Up, Bustle and Out: Musicians and recording artists (1994–present), consisting of DJ D. "Ein" Fell (also known as Clandestine Ein) and producer-performer Rupert Mould (also known as Sêenor Roody). Their music combines jazz, hip-hop and funk, but with distinctly South American and Cuban influences. They have released a number of albums and singles on the Ninja Tune independent record label.
Various Artists: Pop band fronted by Jonjo Key, brother Robin Key, bassist Christian Clarke and drummer John Langley. Released a track on Avon Calling, a Fried Egg Records single and the ‘Solo Album’ LP on their own label. Jonjo and Robin later became Either/Or and released a single in Holland before signing to Virgin Records as Lovetrain and releasing a LP and 3 singles. Jonjo, Robin and John were also, at one time or another, members of Art Objects.
Vice Squad: Punk band (1978-1985 & 1997–present). The original group formed from two other local punk bands: The Contingent and TV Brakes, and included songwriter, vocalist and Punk Pin-Up Beki Bondage. They set up Riot City Records with Simon Edwards, and it became one of the major punk labels of the era. Their 1981 debut single "Last Rockers" sold over 20,000 copies.
The Viceroys: Rock band including Nick Sheppard and Mike Crawford, their only release was ‘Angels in the Rain’ on the Fried Egg World Tour EP, which was sold exclusively at gigs. The Spics went on to play ‘Angels in the Rain’ at their very last appearance, on the BBC West TV arts show RPM.
Andrew Vowles: DJ and songwriter (b.1967). Originally in The Wild Bunch and founding member of Massive Attack. He left Massive Attack shortly after the release of their 1998 album, ‘Mezzanine’, due to profound differences of opinion in the direction the band should go. His nickname "Mushroom" comes from the arcade game, Centipede. The game was installed at Special K’s Cafe, a popular hang-out spot in the mid 1980s for The Wild Bunch.
Nick Warren:is an English house DJ and producer. He is well-known for his eight albums released in the Global Underground series and as a member of the duo Way Out West. He is head of A&R for the progressive house and breaks record label Hope Recordings.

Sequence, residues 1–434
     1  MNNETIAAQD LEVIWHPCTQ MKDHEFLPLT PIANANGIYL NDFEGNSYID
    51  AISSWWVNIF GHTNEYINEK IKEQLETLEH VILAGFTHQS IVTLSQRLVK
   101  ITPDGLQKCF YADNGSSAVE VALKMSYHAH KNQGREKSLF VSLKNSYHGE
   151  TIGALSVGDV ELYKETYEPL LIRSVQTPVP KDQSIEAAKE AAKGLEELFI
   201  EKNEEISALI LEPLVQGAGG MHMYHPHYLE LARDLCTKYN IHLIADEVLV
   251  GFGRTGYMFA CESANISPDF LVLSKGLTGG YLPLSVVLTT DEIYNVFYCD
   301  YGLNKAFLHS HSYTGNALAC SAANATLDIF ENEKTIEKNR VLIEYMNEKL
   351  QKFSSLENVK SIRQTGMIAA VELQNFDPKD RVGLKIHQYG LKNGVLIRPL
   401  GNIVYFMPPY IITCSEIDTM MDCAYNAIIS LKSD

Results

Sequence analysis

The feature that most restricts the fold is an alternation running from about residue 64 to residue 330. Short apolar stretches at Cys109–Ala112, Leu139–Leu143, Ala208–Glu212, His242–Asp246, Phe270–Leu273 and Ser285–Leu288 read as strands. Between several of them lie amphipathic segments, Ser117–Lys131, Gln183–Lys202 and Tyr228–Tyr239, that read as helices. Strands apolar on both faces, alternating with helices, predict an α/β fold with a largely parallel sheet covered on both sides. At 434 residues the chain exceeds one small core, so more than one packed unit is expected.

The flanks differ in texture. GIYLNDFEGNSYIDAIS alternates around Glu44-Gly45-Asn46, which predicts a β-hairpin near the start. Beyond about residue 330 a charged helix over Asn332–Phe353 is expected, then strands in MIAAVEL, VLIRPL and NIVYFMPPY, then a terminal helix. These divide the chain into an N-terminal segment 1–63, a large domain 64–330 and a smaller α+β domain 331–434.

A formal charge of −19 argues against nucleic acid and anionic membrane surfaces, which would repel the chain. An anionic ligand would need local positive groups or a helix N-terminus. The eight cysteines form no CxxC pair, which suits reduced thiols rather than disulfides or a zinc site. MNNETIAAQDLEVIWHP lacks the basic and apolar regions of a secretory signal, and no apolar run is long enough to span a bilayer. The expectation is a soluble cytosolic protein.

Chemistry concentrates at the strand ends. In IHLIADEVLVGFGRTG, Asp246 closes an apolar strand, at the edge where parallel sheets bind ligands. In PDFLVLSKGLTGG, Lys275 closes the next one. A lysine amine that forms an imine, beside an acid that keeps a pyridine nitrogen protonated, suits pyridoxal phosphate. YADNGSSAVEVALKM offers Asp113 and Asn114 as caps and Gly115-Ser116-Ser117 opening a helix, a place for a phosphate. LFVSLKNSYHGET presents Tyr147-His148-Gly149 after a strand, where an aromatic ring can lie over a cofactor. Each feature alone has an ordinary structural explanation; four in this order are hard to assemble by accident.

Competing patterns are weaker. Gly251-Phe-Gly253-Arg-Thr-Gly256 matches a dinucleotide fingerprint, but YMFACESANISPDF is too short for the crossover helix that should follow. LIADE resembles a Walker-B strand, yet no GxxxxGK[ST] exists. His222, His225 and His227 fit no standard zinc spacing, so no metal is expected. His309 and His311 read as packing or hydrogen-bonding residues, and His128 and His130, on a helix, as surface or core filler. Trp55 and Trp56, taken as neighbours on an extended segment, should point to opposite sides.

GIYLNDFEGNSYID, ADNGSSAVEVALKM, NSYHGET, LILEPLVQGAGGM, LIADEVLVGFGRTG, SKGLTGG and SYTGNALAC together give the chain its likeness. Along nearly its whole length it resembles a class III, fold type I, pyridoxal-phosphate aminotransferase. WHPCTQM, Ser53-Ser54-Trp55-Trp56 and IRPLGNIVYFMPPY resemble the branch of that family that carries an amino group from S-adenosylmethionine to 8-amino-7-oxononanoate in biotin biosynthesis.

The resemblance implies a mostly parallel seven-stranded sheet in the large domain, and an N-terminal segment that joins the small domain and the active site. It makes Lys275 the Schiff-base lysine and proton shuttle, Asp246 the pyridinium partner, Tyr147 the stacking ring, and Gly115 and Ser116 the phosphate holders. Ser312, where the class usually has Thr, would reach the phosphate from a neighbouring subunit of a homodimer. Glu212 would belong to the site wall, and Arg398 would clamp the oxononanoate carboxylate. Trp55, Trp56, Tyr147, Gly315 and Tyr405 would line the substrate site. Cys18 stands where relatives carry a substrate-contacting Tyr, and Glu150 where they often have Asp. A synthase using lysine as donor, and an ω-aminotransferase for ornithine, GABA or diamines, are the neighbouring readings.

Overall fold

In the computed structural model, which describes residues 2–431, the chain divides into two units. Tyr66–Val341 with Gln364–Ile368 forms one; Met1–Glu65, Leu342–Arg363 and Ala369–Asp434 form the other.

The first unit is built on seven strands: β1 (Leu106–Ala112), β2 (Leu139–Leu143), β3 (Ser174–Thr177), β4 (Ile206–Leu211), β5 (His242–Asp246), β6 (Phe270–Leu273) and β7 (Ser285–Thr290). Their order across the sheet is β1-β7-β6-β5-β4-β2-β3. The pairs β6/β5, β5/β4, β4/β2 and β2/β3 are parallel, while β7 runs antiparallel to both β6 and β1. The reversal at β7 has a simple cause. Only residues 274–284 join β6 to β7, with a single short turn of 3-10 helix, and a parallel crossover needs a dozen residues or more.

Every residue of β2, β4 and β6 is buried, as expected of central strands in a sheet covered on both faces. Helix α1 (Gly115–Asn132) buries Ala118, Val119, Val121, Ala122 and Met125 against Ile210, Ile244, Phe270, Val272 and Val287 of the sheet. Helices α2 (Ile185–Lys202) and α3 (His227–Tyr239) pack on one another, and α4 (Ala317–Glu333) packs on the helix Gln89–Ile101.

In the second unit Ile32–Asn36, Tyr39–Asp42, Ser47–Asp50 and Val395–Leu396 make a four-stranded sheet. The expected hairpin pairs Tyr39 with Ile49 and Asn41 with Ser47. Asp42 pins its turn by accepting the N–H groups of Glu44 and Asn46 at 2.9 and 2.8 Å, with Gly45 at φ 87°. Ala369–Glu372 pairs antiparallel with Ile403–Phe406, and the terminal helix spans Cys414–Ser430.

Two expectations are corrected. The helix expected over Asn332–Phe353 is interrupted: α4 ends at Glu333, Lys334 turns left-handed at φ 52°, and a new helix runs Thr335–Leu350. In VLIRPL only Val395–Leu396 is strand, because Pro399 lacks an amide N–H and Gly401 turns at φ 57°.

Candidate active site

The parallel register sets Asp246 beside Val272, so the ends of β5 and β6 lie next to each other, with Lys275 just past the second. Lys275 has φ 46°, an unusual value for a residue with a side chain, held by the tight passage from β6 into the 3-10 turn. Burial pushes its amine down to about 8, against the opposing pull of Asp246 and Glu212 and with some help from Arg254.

Way Out West: House, trance and progressive breaks duo (1994–present). They are producers and DJs Jody Wisternoff and Nick Warren. Their song ‘Don’t Forget Me’ has been featured in season two of Grey’s Anatomy, ‘Melt’ was used in The O.C., and a loop of their song ‘The Gift’ is used for the title theme on the MTV show True Life.
Fred Wedlock: Folk and Scrumpy and Western singer (1942–2010). Former teacher who took up music full time in the 1970s, and best known for his 1981 UK hit single, "The Oldest Swinger In Town".
Ben Westbeech: DJ, singer and producer originating from Bristol. He trained as a cellist and vocalist, and his influences include House, Rock n Roll, punk, jazz and hip hop. He has appeared on Later… with Jools Holland alongside Paul McCartney and Björk.
Wild Beasts: R’n’B band, only released the one single, ‘Minimum Maximum/Another Man’ on Fried Egg Records in 1979. Bassist and vocalist Andy Franks became a Tour Manager for Depeche Mode and drummer Ken Wheeler became a producer and ran Sound Conception recording studios.
The Wild Bunch: Proto-Bristol Sound (Trip-Hop) sound system based in the St Pauls district of Bristol (1983–1986). Notable members included at one time or another were: Nellee Hooper, Tricky, and the trio Robert Del Naja (3D), Grant Marshall (Daddy G) and Andrew Vowles (Mushroom) who went on to form Massive Attack.
Jody Wisternoff: is best known as one half of the Bristol progressive house duo Way Out West and as a producer of dance music spanning early 90s hardcore to electro house.
The Wurzels: Scrumpy and Western band (1966–present). Formed as a backing group for, and by, singer/songwriter Adge Cutler. They continued after Cutlers’ death in 1974 and are probably best known for their 1976 UK #1 hit ‘The Combine Harvester’.
Robert Wyatt: Percussionist, singer, and composer (b.1945). Founding member of the influential Canterbury scene band Soft Machine. As well as his band and solo work, he has also been a prolific collaborator with other musicians. The Tears for Fears song "I Believe" from ‘Songs from the Big Chair’ (1985) is dedicated to Wyatt.
The X-Certs: Punk band that later diverged into reggae (1978–1981). Included guitarist Chris Bostock and bassist Phil Lovering (later of Disorder). They had a track on Heartbeat Records 1979’s 4 Alternatives EP (Pulse 4), the 1980 Avon Calling LP, two tracks on the Bristol Recorder 2 and the 1981 single ‘Together/Untogether’ on Recreational Records.
Can you add anymore to the list?